ACL laxity has often been objectively noted on follow-up of type III injuries, but complaints or subjective instability is infrequent. Laxity specific to the ACL has been thought to be due to elongation and attenuation associated with tibial eminence fractures, [9],[10],[11],[12] whether such knees fare well over the course of a lifetime is not known.

  Conclusions Top

Patients with type I and II tibial spine fracture, if treated inappropriately, may still result in ACL laxity and knee muscle strength deficiency. Type III tibial spine fractures, if treated well by open reduction and internal fixation tend to recover nearly normal ACL function and muscle strength. With appropriate treatment, follow-up results are very good. Non-union is rare. Although mild, asymptomatic laxity of the ACL is often present after the final healing of the fracture. An anatomical reduction of the fracture does not eliminate the cruciate laxity or the loss of full knee extension. The overall prognosis is remarkably good even if the fracture fragment has been completely displaced.

  References Top

1.Burstein DB, Viola A, Fulkerson JP. Entrapment of the medial meniscus in a fracture of the tibial eminence. Arthroscopy 1988;4:47-50.  Back to cited text no. 1
2.Kim JR, Song JH, Lee JH, Lee SY, Yoo WH. Cartilaginous avulsion fracture of the tibial spine in a 5-year-old girl. Skeletal Radiol 2008;37:343-5.   Back to cited text no. 2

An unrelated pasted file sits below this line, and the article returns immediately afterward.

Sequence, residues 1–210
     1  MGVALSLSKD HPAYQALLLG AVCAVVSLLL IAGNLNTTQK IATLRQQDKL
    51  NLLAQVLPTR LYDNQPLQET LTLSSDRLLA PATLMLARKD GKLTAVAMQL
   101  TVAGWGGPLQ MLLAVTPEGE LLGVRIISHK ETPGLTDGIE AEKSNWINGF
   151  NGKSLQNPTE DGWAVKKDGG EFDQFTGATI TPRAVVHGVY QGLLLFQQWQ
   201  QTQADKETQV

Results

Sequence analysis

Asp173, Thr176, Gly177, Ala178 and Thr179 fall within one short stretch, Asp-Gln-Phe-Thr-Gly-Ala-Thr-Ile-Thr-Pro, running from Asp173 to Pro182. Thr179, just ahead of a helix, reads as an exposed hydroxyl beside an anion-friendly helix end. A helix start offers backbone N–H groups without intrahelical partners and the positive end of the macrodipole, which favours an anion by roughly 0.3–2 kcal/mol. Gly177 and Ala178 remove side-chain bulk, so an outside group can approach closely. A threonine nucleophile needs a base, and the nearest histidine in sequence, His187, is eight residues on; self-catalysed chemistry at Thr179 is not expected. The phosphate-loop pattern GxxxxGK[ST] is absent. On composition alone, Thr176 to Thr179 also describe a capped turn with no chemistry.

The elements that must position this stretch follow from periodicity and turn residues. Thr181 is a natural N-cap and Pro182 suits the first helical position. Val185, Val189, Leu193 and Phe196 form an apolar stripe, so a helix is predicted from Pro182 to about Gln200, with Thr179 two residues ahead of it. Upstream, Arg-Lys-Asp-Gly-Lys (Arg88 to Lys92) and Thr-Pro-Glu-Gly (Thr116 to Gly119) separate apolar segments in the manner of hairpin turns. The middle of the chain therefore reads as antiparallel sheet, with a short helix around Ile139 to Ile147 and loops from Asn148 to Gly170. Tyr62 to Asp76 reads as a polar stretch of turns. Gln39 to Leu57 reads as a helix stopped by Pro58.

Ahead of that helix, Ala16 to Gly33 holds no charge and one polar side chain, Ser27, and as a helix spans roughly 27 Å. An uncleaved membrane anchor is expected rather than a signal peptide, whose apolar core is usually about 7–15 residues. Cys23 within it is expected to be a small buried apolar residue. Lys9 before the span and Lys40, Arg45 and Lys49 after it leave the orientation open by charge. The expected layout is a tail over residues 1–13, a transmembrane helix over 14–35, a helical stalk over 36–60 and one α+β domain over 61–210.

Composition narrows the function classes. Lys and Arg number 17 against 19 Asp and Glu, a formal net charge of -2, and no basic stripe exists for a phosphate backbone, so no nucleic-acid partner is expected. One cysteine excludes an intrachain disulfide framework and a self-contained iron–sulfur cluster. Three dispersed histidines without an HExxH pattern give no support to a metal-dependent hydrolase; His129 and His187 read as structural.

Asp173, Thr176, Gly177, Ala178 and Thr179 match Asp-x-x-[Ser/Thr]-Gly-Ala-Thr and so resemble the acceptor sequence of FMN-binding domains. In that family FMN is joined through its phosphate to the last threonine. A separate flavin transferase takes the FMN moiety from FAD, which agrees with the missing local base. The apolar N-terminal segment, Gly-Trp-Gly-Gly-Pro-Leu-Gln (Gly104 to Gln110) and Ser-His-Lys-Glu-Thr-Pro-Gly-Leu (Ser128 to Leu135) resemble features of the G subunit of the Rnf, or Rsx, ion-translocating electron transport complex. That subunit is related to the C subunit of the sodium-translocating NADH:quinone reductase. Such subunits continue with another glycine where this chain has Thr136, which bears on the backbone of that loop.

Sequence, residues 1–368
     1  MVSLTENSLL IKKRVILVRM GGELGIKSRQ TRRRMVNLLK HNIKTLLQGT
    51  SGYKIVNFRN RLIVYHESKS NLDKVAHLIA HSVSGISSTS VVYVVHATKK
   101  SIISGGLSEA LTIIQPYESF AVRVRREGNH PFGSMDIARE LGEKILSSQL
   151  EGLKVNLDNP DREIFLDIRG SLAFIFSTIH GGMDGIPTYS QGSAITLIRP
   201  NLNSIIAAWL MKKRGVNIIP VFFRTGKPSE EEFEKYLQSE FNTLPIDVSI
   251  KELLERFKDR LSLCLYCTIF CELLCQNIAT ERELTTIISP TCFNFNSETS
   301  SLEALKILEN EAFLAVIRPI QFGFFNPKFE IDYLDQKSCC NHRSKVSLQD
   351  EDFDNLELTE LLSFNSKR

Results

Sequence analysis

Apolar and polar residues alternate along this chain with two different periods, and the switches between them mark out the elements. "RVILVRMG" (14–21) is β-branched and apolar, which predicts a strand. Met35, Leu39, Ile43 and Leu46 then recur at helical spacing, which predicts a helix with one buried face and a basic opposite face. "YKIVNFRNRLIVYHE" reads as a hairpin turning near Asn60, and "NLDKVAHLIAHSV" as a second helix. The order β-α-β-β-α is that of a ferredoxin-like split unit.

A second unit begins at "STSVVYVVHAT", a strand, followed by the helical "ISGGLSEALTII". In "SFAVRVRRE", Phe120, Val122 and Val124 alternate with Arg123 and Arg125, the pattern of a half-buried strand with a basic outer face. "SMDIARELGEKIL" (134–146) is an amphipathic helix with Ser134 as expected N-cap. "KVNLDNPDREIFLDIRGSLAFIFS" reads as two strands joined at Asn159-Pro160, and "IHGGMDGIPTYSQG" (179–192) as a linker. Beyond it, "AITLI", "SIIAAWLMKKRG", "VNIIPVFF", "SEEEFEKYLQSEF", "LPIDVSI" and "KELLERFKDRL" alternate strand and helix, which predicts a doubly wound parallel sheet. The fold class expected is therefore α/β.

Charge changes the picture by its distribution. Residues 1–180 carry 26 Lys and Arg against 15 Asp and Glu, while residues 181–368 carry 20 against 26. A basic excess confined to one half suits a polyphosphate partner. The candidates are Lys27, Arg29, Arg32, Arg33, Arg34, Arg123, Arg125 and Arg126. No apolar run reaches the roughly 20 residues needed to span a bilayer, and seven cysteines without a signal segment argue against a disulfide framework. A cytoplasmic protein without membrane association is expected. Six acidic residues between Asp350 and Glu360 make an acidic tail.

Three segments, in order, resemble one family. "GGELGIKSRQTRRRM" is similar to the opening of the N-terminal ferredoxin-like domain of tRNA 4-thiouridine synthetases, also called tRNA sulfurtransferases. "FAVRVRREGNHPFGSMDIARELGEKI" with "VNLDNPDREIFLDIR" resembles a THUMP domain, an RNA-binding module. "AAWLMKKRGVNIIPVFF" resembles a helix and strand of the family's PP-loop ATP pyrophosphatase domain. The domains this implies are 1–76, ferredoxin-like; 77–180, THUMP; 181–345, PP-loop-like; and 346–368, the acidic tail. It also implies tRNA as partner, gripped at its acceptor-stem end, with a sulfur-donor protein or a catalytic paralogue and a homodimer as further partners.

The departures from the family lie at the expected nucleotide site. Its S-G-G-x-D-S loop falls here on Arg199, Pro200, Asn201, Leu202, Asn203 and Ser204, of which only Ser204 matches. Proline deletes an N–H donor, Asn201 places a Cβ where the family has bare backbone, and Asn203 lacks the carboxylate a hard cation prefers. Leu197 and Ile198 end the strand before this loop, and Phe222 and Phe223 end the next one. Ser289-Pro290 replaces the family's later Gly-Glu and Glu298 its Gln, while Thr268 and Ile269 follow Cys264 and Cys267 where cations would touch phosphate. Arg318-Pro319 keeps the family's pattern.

3.Meyers MH, Mc Keever FM. Fracture of the intercondylar eminence of the tibia. J Bone Joint Surg Am 1959;41:209-20.   Back to cited text no. 3
4.Meyers MH, McKeever FM. Fracture of the intercondylar eminence of the tibia. J Bone Joint Surg Am 1970;52:1677-84.  Back to cited text no. 4
5.Gottsegen CJ, Eyer BA, White EA, Learch TJ, Forrester D. Avulsion fractures of the knee: Imaging findings and clinical significance. Radiographics 2008;28:1755-70.   Back to cited text no. 5
6.Eggers AK, Becker C, Weimann A, Herbort M, Zantop T, Raschke MJ, et al. Biomechanical evaluation of different fixation methods for tibial eminence fractures. Am J Sports Med 2007;35:404-10.  Back to cited text no. 6
7.McLennan JG. The role of arthroscopic surgery in the treatment of fractures of the intercondylar eminence of the tibia. J Bone Joint Surg Br 1982;64:477-80.  Back to cited text no. 7
8.Berg EE. Pediatric tibial eminence fractures: Arthroscopic cannulated screw fixation. Arthroscopy 1995;11:328-31.   Back to cited text no. 8
9.Baxter MP, Wiley JJ. Fractures of the tibial spine in children. An evaluation of knee stability. J Bone Joint Surg Br 1988;70:228-30.  Back to cited text no. 9
10.Mah JY, Adili A, Otsuka NY, Ogilvie R. Follow-up study of arthroscopic reduction and fixation of type III tibial-eminence fractures. J Pediatr Orthop 1998;18:475-7.  Back to cited text no. 10
11.Kocher MS, Foreman ES, Micheli LJ. Laxity and functional outcome after arthroscopic reduction and internal fixation of displaced tibial spine fractures in children. Arthroscopy 2003;19:1085-90.  Back to cited text no. 11
12.Mulhall KJ, Dowdall J, Grannell M, McCabe JP. Tibial spine fractures: An analysis of outcome in surgically treated type III injuries. Injury 1999;30:289-92.  Back to cited text no. 12


  [Figure 1], [Figure 2], [Figure 3], [Figure 4]